Posts Tagged Tenant Landlord

RENTAL PROPERTY MANAGEMENT – DEALING WITH “CHALLENGING” TENANTS

When my wife, Kris and I were traveling and staying with some friends, we walked into the room they had prepared for us and on the lamp was an antique looking sign which read: “Our guest bring us great joy… some when they arrive… and others when they leave!” I felt that way about our Tenants… sometimes, it’s the waiting for the joy at the end!

We are all challenging people to live with… some more than most! We categorize our challenging Tenants into three primary categories: 1.) Students 2.) Entitled Tenants and 3.) Those Tenants who upset the neighbors around them. In a way, they all have similar attributes… they want to live their lives… any way they choose… regardless of how disruptive they may be to others around them. Many of these Tenants “bully” their way through life… pushing their way through. Our tip for dealing with all types of challenging Tenants is to show respect to them, but also show your resolve. Be assertive in requiring that they go by the same rules that most others on the planet go by. We have developed what we call a “No” letter and it very respectfully says something to the effect of “Thank you for your concern about (whatever the concern is). However, this is not a situation in which we will be able to meet your expectations at this time.” (then state whatever clause in the lease which applies). Another option, if they are disturbing the neighbors or causing damage to the property is to threaten them with a notice to comply with their lease or move. There is a very strong chance that your Tenants won’t like either response. But with your resolve… you will get this challenging situation under control.

In summary: Don’t allow your Tenants to get the upper hand in your relationship… push back with respect and their legal obligation of their Lease Agreement.

To view a short video on this same subject, please CLICK HERE

If this tip has been helpful to you, please visit our website at: ManageToMakeMoney.com where you can find our “No” Letter and many more tools, tips and techniques for managing your rental property profitably.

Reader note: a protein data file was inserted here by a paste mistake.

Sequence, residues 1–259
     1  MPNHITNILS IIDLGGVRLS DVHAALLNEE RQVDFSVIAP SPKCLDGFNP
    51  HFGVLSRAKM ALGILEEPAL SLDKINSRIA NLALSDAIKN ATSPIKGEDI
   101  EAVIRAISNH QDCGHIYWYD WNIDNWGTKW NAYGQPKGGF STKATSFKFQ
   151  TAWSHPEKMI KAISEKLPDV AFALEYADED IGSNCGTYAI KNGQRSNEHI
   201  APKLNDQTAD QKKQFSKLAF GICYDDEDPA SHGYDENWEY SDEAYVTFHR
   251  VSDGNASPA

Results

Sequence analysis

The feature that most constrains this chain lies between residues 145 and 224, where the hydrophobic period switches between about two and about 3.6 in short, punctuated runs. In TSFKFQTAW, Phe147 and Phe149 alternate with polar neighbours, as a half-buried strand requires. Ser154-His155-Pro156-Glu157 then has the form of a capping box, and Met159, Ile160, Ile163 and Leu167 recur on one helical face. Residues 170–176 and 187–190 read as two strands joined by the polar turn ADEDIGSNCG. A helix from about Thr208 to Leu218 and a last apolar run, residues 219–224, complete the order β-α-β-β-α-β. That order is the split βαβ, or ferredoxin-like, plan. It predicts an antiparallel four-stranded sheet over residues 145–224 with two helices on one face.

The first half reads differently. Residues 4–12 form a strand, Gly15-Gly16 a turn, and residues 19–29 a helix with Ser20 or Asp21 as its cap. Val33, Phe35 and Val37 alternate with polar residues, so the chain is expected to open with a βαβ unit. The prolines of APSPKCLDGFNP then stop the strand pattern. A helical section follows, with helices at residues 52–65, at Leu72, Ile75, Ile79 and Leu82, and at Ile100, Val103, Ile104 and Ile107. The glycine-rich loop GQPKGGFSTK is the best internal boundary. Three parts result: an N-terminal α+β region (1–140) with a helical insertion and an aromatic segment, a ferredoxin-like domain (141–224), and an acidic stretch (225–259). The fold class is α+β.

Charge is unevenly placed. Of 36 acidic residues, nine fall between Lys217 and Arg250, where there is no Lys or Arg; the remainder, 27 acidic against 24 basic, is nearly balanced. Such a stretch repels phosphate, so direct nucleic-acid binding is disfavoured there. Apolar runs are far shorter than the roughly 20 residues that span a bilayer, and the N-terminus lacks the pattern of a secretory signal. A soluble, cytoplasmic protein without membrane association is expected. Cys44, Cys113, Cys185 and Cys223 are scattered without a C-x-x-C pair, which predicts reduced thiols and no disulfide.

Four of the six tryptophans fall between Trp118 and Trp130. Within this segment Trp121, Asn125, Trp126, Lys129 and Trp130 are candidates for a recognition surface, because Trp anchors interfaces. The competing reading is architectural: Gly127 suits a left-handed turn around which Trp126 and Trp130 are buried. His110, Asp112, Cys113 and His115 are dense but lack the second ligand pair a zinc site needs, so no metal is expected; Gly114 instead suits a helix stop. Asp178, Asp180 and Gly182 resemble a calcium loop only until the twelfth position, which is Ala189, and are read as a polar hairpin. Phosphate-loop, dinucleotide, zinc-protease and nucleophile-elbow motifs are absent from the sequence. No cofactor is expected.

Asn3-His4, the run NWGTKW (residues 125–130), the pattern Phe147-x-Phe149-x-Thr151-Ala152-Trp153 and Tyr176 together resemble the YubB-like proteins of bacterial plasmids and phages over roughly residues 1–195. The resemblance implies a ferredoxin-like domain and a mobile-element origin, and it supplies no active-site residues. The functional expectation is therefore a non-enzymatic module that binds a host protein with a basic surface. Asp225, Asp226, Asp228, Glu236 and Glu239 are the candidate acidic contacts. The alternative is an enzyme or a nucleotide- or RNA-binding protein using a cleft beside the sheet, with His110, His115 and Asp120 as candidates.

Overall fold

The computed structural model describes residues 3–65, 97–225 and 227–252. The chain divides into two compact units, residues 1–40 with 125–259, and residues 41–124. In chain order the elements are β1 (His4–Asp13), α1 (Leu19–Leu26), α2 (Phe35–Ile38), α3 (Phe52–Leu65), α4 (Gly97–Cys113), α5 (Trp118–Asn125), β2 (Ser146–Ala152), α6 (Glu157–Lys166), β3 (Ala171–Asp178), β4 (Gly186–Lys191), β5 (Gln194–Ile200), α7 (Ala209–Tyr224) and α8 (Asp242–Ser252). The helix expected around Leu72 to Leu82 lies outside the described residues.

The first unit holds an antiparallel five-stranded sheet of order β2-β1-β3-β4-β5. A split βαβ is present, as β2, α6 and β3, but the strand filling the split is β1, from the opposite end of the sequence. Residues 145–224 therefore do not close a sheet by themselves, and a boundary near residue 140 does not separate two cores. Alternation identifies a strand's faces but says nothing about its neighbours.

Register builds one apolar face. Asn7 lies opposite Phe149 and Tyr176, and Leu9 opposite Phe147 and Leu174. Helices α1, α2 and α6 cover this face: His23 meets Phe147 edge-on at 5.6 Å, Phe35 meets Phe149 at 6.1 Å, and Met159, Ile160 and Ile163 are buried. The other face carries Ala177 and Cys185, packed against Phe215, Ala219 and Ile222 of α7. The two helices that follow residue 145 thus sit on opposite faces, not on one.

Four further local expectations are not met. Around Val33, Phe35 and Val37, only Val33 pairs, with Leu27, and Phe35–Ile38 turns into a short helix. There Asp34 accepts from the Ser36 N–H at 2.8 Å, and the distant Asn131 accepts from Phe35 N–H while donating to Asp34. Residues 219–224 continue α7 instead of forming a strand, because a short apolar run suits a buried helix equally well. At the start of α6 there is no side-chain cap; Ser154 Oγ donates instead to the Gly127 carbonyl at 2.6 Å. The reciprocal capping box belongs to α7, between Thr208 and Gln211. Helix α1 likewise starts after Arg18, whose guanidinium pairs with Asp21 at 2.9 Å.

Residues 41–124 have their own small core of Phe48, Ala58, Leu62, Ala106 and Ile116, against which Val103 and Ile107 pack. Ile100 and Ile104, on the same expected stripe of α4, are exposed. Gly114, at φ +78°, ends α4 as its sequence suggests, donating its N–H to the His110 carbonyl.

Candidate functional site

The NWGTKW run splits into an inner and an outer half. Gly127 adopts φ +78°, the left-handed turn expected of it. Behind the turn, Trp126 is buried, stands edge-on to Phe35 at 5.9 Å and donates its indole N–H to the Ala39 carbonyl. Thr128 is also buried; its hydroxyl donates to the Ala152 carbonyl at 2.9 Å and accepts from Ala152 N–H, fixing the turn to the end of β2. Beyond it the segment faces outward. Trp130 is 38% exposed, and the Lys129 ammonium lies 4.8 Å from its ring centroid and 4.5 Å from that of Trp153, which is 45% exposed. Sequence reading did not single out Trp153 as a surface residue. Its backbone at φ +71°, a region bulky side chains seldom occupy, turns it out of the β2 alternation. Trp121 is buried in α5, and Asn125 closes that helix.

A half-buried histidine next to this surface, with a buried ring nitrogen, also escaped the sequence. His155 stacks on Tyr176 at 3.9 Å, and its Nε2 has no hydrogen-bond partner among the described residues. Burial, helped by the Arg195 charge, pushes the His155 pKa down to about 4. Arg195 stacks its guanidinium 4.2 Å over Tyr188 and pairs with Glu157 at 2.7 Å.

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RENTAL PROPERTY MANAGEMENT – TENANTS BREAKING THEIR LEASE

Tenants Breaking Their Lease

One thing which occurs more often in Rental Property Management is Tenants breaking their lease.

Let’s face it, life happens and Tenants break their leases for many reasons . . . they can’t pay any longer and are skipping out or, it is generally something less sinister like . . .  getting a great deal on a short sale and just learning that they have to close in 2 weeks . . . YIKES!!  Either way, you have to know the Tenant’s and your responsibilities when this happens.

As you probably already know, the Tenant has the responsibility for the rent through the end of the term of the lease as stated in their lease agreement . . . and to leave all the utilities on and pay for them until the property is re-leased (if you used our lease form).  You, as the Landlord, if you want to be able to collect any rent through the end of their lease term, must immediately and diligently market the property for lease again.  Be careful not to market the property at a higher rent amount than the previous Tenant paid or you may have difficulty in collecting money for lost rent in court if . . . you “Jacked the Price up” which is how a judge may see it.  You will only be entitled to the lost rent between the time your previous Tenant vacated or last paid rent and the beginning of a new lease with your new Tenant . . . no double dipping!

The subject of Tenants breaking their lease along with many other property management challenges are covered extensively in our new Property Management Training Program; Manage to Make Money . . . . the Real Estate Series.  Click here for a workshop near you: Workshop.  This new series has been developed around one of our books: Manage to make Money . . . Your Guide to Profitably Managing Rental Properties which is now available for California laws as well as many states in the Midwest.  It is a virtual Survival Guide for anyone managing Rental Properties!